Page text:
You're welcome!

Keep reading... Show less
Dancer Health
Thinkstock

Q: I have a very flexible spine and torso. My teachers tell me to use this flexibility during cambrés and port de bras, but when I do, I feel pain—mostly in my lower back. What should I change so I don't end up with back problems?

Keep reading... Show less
Studio Owners
Getty Images

If you're a studio owner, the thought of raising your rates most likely makes you cringe. Despite ever-increasing overhead expenses you can't avoid—rent, salaries, insurance—you're probably wary of alienating your customers, losing students or inviting confrontation if you increase the price of your tuition or registration and recital fees. DT spoke with three veteran studio owners who suggest it's time to get past that. Here's how to give your business the revenue boost it needs and the value justification it (and you) deserve.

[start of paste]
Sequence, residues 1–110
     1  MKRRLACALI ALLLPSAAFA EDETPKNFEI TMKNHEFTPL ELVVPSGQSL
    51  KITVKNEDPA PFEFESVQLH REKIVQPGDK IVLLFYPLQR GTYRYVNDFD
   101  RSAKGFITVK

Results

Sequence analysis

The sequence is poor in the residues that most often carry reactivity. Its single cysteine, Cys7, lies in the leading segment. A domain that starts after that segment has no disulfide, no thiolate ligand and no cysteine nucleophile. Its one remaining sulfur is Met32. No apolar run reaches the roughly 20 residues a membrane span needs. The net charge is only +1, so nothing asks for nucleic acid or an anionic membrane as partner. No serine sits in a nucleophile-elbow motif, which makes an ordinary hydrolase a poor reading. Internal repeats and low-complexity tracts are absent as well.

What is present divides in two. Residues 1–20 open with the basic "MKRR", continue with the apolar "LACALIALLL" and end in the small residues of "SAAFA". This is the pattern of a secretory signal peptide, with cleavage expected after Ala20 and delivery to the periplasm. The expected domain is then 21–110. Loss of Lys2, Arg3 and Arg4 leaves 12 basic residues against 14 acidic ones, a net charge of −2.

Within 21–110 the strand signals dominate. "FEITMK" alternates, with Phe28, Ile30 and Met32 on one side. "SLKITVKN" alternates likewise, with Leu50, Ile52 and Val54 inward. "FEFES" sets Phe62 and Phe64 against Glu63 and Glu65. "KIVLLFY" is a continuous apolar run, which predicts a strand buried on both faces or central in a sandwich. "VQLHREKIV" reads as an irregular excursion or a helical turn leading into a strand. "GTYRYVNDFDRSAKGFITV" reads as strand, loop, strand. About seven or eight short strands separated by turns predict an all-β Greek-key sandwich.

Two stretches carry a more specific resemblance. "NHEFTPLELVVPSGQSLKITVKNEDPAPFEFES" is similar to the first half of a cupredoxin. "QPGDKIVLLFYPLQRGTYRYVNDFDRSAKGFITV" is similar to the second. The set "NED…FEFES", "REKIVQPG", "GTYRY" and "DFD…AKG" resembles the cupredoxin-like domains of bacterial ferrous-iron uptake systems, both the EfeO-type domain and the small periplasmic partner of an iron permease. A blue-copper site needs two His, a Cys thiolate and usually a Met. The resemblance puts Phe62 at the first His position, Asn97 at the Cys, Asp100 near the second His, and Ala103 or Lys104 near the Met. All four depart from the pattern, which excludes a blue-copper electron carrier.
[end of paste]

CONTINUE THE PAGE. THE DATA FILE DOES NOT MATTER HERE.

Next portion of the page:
Keep reading... Show less
Dance Teachers Trending
Margie Gillis (left); photo by Kyle Froman

Margie Gillis dances the human experience. Undulating naked in a field of billowing grass in Lessons from Nature 4, or whirling in a sweep of lilac fabric in her signature work Slipstream, her movement is free of flashy technique and tricks, but driven and defined by emotion. "There's a central philosophy in my work about what the experience of being human is," says Gillis, whose movement style is an alchemy of Isadora Duncan's uninhibited self-expression and Paul Taylor's musicality, blended with elements of dance theater into something utterly unique and immediately accessible. "I want an authenticity," she says. "I want to touch my audiences profoundly and deeply."

Keep reading... Show less

mailbox

Get DanceTeacher in your inbox